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1040 Abroad

DruidMurphy - Conversations. Photo by Catherine Ashmore
DruidMurphy, Conversations: Marty Rea (Michael) and Aaron Monaghan (Liam). Photo © Catherine Ashmore.
Three plays by Tom Murphy
The plays have now finished their run at the Hampstead Theatre, London, and will move on to New York, Galway, Oxford, Cork, Dublin, Washington, and Oxford.
Reviewed by Jarlath O’Connell

The current mania for theatre marathons continues, thanks to the London 2012 Festival, so after an eight hour Gatz how about nine hours of Tom Murphy.

The under-appreciated Irish playwright hasn’t had the international acclaim of Friel or McPherson, but this revival by the legendary Druid Theatre from Galway, is a richly rewarding reminder of his greatness.

Tony-winning director and founder of Druid, Garry Hynes insists that they’re not a trilogy (and indeed they cover a span of 25 years), but the hook is that they deal with the experience of emigration, how it creates trapped hopes, trapped emotion, and trapped characters.

Seeing all three in one day (they can be viewed in any order) at the Hampstead, they played Conversations on a Homecoming (1971/1985) first, set in a Galway pub in the early 70s, followed by A Whistle in Dark (1961), set in an grim emigrant home in Coventry in 1960, and then Famine (1968), set in a Mayo village ravaged by the potato famine in 1846. In many ways, reversing the chronology would have helped as the scarring of the Irish psyche caused by the Famine infuses much in the later plays.

Murphy experimented with form but at his best he is a master of poetic realism, and he is much emulated. Conversations is a wonderfully elegiac piece about Michael, the returned emigrant from New York, reuniting with his mates in a ramshackle rural pub for a long night of drink and truth telling. They cut him down to size – the tall poppy syndrome. His supposed great new life rubs their noses in it, but bitter schoolteacher Tom challenges why he’s returned. Is he another failed prodigal son? No one has better captured the emigrant dilemma than Murphy: success riles those left behind whilst failure insults them even more. The dreariness of Ireland in the early ’70s, that land of squinting windows, is beautifully evoked in Francis O’Connor sets and Joan O’Clery’s costumes and the great Marie Mullen (Tony winner for The Beauty Queen of Leenane and co founder of Druid) is magisterially glacial as the dreary pub landlady, Missus.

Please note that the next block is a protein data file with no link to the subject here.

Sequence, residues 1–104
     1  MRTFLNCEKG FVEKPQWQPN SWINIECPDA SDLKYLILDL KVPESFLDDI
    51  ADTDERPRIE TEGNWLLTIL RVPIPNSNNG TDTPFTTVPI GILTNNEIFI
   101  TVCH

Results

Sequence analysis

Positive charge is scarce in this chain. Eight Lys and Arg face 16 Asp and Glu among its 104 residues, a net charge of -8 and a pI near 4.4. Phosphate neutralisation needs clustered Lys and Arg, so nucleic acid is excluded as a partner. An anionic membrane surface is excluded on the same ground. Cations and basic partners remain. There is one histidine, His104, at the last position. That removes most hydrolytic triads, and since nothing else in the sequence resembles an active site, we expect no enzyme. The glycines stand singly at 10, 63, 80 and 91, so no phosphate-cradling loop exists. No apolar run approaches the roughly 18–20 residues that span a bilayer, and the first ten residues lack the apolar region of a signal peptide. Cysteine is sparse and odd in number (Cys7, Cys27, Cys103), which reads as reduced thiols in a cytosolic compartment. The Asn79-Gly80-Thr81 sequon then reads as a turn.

Whistle is of another order, a devastatingly visceral piece about the son of a violent and proud family, the myth-making Carneys, newly settled with an English wife, who receives a visit from his father and four brothers who drag him back into their nihilistic subculture of violence. Not content to leave rivalries in the old country, they want to settle a feud with a rival family now also settled in Coventry. Always the softer of the sons, and despised for it, the play centres on his struggle to escape his family and his own demons. Its brutally unflattering portrayal of the emigrant experience was too much for the staid Abbey Theatre of the 1950s and they vigorously rejected it. It finally got premiered at London’s then radical Theatre Royal Stratford East.

The weakest of the three is Famine, which struggles to rise above a theatre-in-education earnestness in the first act, but in the second finds its dramatic feet. The story of father, mother and daughter who were too proud to take the landlord’s humiliating pay-off and escape to Canada and so are consigned to a horrible fate, is deeply poignant. Of course, rendering a Holocaust-like subject like the Irish famine (where one million perished and nearly two million emigrated), in dramatic form, is perhaps too much for any text to bear.

The ensemble work by Druid and Hynes’ own direction is, as usual, impeccable. Marty Rea and Eileen Walsh in particular shine across the three plays, and the only false note was a miscast Niall Buggy. One of Ireland’s greatest actors (you could happily watch him read the phone book), here the twinkle in his eye disarms, whereas the part of the violent patriarch in Whistle requires a big violent lug in the Tony Soprano mould.

After London, the plays travel to the Lincoln Center Festival in New York. They are also back in the UK at the Oxford Playhouse August 18-25 and are not to be missed.


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